My Reality as the Girlfriend of a Man With Early-Onset Alzheimer's
Imagine the man of your dreams. The man you have waited your entire life for. The man that makes all the pain and regret in your past worth every tear – because it has all led you to him. Imagine meeting him in the most unusual way and falling in love with him instantly.
Now imagine that he tells you he isn’t perfect. That he has struggles. That he has serious medical issues. Medical issues that will dictate your future together. Issues that scare the hell out of you.
This is my reality. I will never forget the night he told me about his medical history and what he was facing. In the following year, I would stand by his side at countless medical appointments.
We would learn that his original diagnosis was inaccurate, and that what we were facing was far scarier. Throughout our research we were fairly confident we were looking at some sort of dementia. The symptoms were all there. We fought for tests, we pushed for what we knew he needed in order to get the answers we needed. I had told myself countless times that he had dementia and that this was my reality. Our reality. I was prepared. To live with, and to love completely, a man who has dementia. But the day that we heard the doctor actually say the words out loud, it literally took my breath away. Early-onset Alzheimer’s disease (dementia) and a secondary diagnosis of “dementia due to head trauma”; additionally, chronic traumatic encephalopathy (CTE) is suspected. Optimize the good days, the doctor said. I was not prepared.
I was angry. I was hurt. I was scared. I was heartbroken. I felt slighted. I felt guilty. I felt numb. There was a small part of me that hoped beyond all hope that there would be some other treatable condition that would explain everything. That we would be told he was going to be all right, and live a long, happy, healthy life. With me. As us. But that is not my reality.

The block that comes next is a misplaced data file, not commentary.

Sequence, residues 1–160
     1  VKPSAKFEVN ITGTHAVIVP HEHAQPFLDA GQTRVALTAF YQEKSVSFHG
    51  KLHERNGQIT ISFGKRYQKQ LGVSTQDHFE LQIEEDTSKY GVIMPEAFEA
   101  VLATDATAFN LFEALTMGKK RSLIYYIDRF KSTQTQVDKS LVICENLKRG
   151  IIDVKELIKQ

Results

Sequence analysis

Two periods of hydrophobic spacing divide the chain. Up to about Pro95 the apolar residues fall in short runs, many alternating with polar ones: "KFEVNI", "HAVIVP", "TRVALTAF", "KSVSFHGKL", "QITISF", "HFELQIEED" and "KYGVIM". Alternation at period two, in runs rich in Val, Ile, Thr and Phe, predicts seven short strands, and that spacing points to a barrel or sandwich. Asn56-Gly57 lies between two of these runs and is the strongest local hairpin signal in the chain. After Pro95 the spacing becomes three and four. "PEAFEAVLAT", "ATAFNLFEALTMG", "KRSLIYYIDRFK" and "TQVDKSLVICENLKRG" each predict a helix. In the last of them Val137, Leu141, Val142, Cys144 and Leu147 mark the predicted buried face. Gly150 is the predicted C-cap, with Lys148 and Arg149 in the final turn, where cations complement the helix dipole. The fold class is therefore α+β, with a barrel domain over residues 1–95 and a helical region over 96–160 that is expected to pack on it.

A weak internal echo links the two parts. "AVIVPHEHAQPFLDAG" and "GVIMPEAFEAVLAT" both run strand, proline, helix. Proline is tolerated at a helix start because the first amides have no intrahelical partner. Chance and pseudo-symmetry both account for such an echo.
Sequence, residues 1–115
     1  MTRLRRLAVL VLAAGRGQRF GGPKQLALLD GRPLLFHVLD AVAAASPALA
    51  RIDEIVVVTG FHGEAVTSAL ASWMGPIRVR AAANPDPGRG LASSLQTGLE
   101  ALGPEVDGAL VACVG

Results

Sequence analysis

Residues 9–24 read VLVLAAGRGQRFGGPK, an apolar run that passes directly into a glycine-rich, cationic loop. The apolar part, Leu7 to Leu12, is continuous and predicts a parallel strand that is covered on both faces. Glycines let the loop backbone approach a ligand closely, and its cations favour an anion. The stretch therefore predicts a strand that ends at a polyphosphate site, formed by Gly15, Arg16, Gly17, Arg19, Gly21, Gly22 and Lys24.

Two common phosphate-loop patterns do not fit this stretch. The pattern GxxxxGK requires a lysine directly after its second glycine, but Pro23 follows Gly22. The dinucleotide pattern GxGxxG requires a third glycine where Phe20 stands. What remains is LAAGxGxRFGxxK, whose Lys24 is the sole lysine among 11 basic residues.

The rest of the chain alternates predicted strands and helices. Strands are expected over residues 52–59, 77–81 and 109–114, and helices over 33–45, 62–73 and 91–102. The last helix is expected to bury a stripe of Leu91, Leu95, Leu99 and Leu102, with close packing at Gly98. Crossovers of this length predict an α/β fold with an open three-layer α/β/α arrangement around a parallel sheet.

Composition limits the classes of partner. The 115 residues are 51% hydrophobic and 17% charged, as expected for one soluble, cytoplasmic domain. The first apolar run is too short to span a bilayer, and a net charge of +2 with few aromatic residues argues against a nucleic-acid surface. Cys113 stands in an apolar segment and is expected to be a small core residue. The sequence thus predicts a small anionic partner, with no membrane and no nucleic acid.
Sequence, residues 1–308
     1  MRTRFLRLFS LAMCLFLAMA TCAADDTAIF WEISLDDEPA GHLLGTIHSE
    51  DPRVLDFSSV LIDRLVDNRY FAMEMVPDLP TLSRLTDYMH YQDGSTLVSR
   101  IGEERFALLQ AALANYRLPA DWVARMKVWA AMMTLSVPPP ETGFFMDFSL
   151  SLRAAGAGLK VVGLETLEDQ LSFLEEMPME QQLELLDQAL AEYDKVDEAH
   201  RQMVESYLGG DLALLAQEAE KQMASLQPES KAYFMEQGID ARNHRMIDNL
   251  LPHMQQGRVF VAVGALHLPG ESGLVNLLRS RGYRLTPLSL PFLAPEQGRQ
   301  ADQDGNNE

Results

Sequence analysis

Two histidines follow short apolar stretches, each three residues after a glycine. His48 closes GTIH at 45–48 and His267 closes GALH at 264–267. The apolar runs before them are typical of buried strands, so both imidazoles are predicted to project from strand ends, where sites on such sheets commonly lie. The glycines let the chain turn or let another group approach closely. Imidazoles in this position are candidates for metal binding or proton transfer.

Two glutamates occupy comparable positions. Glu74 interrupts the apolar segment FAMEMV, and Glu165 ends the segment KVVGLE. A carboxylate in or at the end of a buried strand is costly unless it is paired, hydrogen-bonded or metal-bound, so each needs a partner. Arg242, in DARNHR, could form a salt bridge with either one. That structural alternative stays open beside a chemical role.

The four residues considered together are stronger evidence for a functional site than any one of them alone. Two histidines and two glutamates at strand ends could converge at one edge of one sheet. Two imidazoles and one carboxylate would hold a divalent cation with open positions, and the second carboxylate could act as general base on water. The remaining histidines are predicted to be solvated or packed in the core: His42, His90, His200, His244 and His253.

My reality is doctor appointments, medications, and caregiving for the man I love. My reality is knowing that he will deteriorate right before my eyes. My reality is knowing that someday, and no one knows when – because we are not in control – he will likely not know who I am. He will not remember how we met. How we fell in love. Our happiest memories. He may forget his own children, and that is a hell I wouldn’t wish upon anyone. My reality consists of sundowning episodes that literally take all I have to get through. Reminding and prompting him to do simple daily tasks.
My reality is keeping him motivated to keep moving forward, on days when my own struggles have me wanting to shut down. My reality is a rollercoaster that I ride with him – and this disease is in control. My reality is needing a break from taking care of an amazing man with dementia. Needing to run to the man I love. The man who supports me and makes me smile. The man who is my rock. To focus on me, to find release and have time to not have to think about this disease. My reality is that those men are the same man.
My reality is knowing when I need him as my partner, and knowing he doesn’t have the capacity for that at the moment, and standing strong on my own. My reality is putting this horrible, unfair, nasty disease first. My reality is looking at this man – this strong, brave, amazing man – and one moment seeing him as the love of my life; my protector, my best friend, my everything… and the next moment seeing him as the most vulnerable man needing strength from me.